Listening to Ohio Veterans’ Concerns:
Rob Portman has hosted five Veterans Townhall Meetings across Ohio to hear directly from veterans. These include their concerns on compensation benefits, access to medical care, and their perceptions about the Department of Veterans Affairs overall.

Working to Improve Veterans’ Health Services:
Rob Portman is a strong proponent for telemedicine for our veterans and has pressed VA officials to speed up pilot programs designed to reduce barriers to care.  

Telehealth is an innovative, 21st century approach to problems involving Traumatic Brain Injury (TBI) and Post Traumatic Stress Disorder (PTSD), especially for veterans living in rural areas, where access to mental health treatment is limited, wait times can be long, and in-home access opportunities are rarely utilized. 

Portman successfully included an amendment to the NDAA that requires DOD to report on current telehealth initiatives as well as plans to integrate telehealth into the military healthcare system.  This report specifically addresses privacy concerns and challenges of implementing telehealth in-group treatment/therapy, outreach to rural areas, and as in-home use.

Rob Portman is an original cosponsor of the Veterans Access, Choice and Accountability Act of 2014. The legislation expands education and health care benefits for veterans as well as expands in-state tuition for Post 9/11 GI Bill eligible veterans.

Helping to Prevent Veteran Suicide:
Rob Portman supported and voted in favor of the Clay Hunt Suicide Prevention for American Veterans Act, legislation that improves the Department of Veterans Affairs’ mental health programs.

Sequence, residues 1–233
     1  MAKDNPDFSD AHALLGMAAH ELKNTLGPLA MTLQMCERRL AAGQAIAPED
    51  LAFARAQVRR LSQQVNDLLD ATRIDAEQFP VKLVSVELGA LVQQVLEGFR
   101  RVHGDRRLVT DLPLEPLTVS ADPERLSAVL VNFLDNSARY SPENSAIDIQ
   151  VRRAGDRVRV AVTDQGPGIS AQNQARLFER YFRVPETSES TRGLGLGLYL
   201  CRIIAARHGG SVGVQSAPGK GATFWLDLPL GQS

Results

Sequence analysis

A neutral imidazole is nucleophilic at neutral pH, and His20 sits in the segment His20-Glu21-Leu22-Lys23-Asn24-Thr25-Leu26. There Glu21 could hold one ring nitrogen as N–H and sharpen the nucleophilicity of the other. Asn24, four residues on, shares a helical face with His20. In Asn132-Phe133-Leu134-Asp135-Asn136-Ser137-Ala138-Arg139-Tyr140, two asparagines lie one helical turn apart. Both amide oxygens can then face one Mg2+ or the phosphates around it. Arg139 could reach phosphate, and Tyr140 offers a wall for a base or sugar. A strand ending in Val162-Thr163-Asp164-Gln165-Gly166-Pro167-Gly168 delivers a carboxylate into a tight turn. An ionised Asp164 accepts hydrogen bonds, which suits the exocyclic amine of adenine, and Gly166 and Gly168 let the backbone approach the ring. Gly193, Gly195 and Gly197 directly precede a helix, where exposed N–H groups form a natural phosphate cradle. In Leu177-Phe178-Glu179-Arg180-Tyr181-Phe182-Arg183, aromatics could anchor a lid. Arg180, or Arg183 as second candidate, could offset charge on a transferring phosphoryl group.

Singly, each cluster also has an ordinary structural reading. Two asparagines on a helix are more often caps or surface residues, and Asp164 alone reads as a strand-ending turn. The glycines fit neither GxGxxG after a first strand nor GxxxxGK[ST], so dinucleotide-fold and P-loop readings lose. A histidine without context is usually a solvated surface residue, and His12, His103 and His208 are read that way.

Helping Ensure Returning Veterans Can Return to their Jobs:
Rob Portman cosponsored legislation that allows Guardsmen and Reservists employed at the Transportation Security Administration (TSA) to return to their jobs after they return from being called to active duty.  The jobs of all other non-military public and private sector employees called up to duty are protected under the Uniformed Services Employment and Reemployments Rights Act (USERRA).  The legislation required TSA to comply with USERRA.

Rob Portman is an original cosponsor of the bipartisan Hire More Heroes Act. The legislation offers incentives to companies that hire veterans. The bill became law in July 2015.

Doolittle Raiders:
Rob Portman teamed with Senator Sherrod Brown (D-OH) on legislation to award the Congressional Gold Medal to the World War II Doolittle Raiders. The bill, which passed the U.S. Senate in November 2013, also places the medal on permanent display in Ohio’s National Museum of the U.S. Air Force at Wright Patterson Air Force Base.